To prevent this, you have to do what krel says, somehow close up the tank inlet while plunging. This will force the pressure against the plug.
waugsqueke, Jan 31 2003
  

       Would extending the rubber over the inlet work?
ImBack, Jan 31 2003
  

       I can't picture how you'd do that with this device. Inside most bowls, you have a number of inlet areas. There's the large main inlet at the back of the bowl, and a series of smaller inlets around the inside perimeter of the bowl. There'd be no way to cover all of these.
waugsqueke, Jan 31 2003
  

       Apart from other feasibility issues mentioned above, I've gotten out the tape measure and made a trip to the bathroom (*purely in the name of science*, not what you all were thinking, I did 'that' experiment years ago), with the following conclusion:

While I'm not certain of the dimensions of a normal bowl in other countries, I consider mine to be average here in the US, and it measures approximately 12 inches in diameter. The plunger which I have handy for situations like those described above measures approximately 4 inches in diameter.

I've heard that as a general rule, you need to be able to generate around (+/-) 2 psi with a hand plunger in order to clear a clog. After a couple rounds of pi*r^2, I find that this equates to 25 lbs of force with my 4 inch plunger, which seems about right. The proposed 'seat' will require 226 lbs of force to do the same amount of work, due to the increased surface area.

The problem here is that I don't weigh anywhere near 226 lbs, and would need to jump up and down on the 'seat' to generate the needed pressures.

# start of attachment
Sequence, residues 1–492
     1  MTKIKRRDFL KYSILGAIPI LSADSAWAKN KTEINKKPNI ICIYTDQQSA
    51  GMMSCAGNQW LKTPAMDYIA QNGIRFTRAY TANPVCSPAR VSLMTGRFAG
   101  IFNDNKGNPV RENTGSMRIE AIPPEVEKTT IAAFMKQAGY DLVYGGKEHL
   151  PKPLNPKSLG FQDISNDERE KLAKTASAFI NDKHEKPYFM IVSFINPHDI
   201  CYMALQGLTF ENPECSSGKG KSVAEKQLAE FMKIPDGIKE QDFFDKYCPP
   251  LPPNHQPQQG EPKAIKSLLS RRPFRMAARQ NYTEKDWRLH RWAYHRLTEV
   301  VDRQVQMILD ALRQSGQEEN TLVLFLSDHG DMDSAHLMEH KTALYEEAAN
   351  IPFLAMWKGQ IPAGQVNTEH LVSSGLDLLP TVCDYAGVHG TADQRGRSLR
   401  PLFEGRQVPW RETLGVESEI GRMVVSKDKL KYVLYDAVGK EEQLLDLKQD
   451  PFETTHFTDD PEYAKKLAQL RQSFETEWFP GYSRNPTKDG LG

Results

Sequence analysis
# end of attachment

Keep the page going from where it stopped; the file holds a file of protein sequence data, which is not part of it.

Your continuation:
I think this idea would be better named as "Toilet Trampoline".
X2Entendre, Jan 31 2003
  

       I appreciate your applied mathematics X2Entendre, and I hope there is some flaw in your reasoning, but I can only hope. To address Waugs, perhaps if a rubber skirt were placed around the rim of the bowl it would press up against the inlets, when pressure is applied, blocking air from entering. Note revisions to idea.
ImBack, Feb 01 2003
  

       You're saying the water inlet is *in the drain*? Not on any toilet I've ever seen.
waugsqueke, Feb 02 2003
  

       The standard US toilet design has a two main pieces, the "tank" on the back, and the "bowl". The bowl has exactly one water inlet and one water outlet. The outlet obviously is at the floor, the inlet is behind the toilet seat hinge up under the bowl. That inlet "fans out" in the bowl itself to provide water all around the rim and to the siphon jet.   

       As the idea was originally written, the pressure you applied would go out both the inlet and the outlet as waugs described in the first two annotations. (Although fogfreak has an interesting point: why does the siphon jet not cause an issue here with regular plungers?)   

       Anyway, I suggested that if you built a modified toilet that had a closable valve on the inlet, you could turn off that valve before you started using this invention, and waugs' objections would disappear.   

       Hopefully thats clearer to everyone.
krelnik, Feb 02 2003
  

       I don't care whether it works or not, the image of the user bouncing up and down post-crap made me snort tea through my nose.
moomintroll, Mar 20 2007